Consumer and Community Groups Call on Office of Thrift Supervision to Halt Rent-a-Bank Payday Lending by Ohio Thrift
First Place Bank Making 500% Loans with Check'n Go in Texas
FOR IMMEDIATE RELEASE
January 7, 2003
Jean Ann Fox, CFA 757-867-7523
Peter Skillern, CRA-NC 919-667-1557 ext. 22
Rachel Maleh, NCRC 202-628-8866 ext. 3013
Washington, DC: The battle to stop banks from renting their charters to payday lenders has moved to the Office of Thrift Supervision as local and national consumer and community groups launched a campaign to stop the nation's only thrift now making payday loans. Payday loans are quick cash loans based on the borrower's personal check held for future deposit that cost triple digit interest rates. Advocates argue that payday lending abuse is based on repeat transactions that capture borrowers on a debt tread mill.
"Federal charter preemption privileges of banks and thrifts are being abused by payday lenders who partner with banks to evade state consumer protections. We petition the Office of Thrift Supervision to stop the payday lending affiliation of First Place Bank with Check'n Go," stated Jean Ann Fox of Consumer Federation of America (CFA).
Over fifty local and national consumer and community organizations petitioned the Director of the Office of Thrift Supervision to halt First Place Bank of Warren, Ohio from renting its thrift charter to payday lender Check'n Go of Mason, Ohio. Citing the OTS's own policy advisory statements issued jointly with the Office of the Comptroller of the Currency in 2000, advocates charge that the payday lending activities of First Place Bank pose unacceptable levels of risk for safety and soundness and reputational risk.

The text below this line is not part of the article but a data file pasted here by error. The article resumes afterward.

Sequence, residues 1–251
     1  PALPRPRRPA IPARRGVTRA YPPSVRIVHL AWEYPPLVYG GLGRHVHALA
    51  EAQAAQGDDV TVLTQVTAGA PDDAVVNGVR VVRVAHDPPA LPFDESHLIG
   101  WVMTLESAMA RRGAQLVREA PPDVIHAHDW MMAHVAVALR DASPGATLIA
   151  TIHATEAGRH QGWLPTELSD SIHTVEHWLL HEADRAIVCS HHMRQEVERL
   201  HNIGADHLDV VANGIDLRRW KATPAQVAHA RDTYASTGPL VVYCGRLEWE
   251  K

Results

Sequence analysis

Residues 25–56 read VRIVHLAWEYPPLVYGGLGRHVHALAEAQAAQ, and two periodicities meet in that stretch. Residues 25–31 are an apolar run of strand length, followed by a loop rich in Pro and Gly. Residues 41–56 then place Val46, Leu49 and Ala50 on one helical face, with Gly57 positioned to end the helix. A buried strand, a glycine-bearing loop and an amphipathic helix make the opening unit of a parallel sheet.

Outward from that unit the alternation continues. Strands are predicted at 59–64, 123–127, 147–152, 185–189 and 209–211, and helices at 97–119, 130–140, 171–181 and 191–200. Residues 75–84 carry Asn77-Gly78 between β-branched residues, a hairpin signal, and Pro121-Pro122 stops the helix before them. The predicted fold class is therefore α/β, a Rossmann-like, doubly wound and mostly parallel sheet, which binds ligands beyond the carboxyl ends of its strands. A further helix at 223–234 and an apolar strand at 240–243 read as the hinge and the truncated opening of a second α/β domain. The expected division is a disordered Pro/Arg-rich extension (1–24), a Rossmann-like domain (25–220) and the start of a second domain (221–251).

"While we anticipate that regulators will respond negatively to First Place Bank's payday lending activities, we can promise that the bank will experience reputational damage associated with usury and predatory lending practices," stated Peter Skillern, Executive Director of the Community Reinvestment Association of North Carolina (CRA*NC). CRA*NC has promised a sustained public campaign to pressure the bank to exit payday lending.
First Place Bank partners with Check'n Go to make payday loans in Texas, charging $20 per $100 lent or more than 500% interest for loans due in two weeks. These loan terms are prohibited by Texas law governing small consumer loans, but First Place claims the right under federal law to export these usurious rates for loans made by Check'n Go in Texas.
The Office of the Comptroller of the Currency took regulatory action in 2002 against three of the four national banks it regulates that were involved in payday lending. Most recently, ACE Cash Express stopped making payday loans with Goleta National Bank. In September 2002, the Federal Deposit Insurance Corporation stopped Brickyard Bank, an Illinois state bank, from making payday loans through Check'n Go in North Carolina and Texas. Check'n Go's attempt to buy the Bank of Kenney encountered stiff opposition from public officials and advocates that appears to have stopped the acquisition. The FDIC regulates a half dozen other state-chartered banks that make payday loans through storefront companies. First Place Bank is the largest bank and the only thrift to currently participate in payday lending. The OTS gave a "Needs to Improve" rating in its Community Reinvestment Act evaluation to Crusader Bank, a federal Thrift now out of the payday lending business.
"The National Community Reinvestment Coalition and its members are adamantly opposed to misuse of federal banking powers to circumvent state laws against usury and predatory lending practices. We will use all our tools to protect consumers from this insidious form of predatory lending," stated John Taylor, President and CEO of NCRC.
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Consumer Federation of America is a non-profit association of about 300 pro-consumer organizations.
Community Reinvestment Association of North Carolina is a nonprofit bank watchdog agency based in Durham, NC.
NCRC is a national not-for-profit membership organization working for economic justice and fair access to credit, capital and financial services.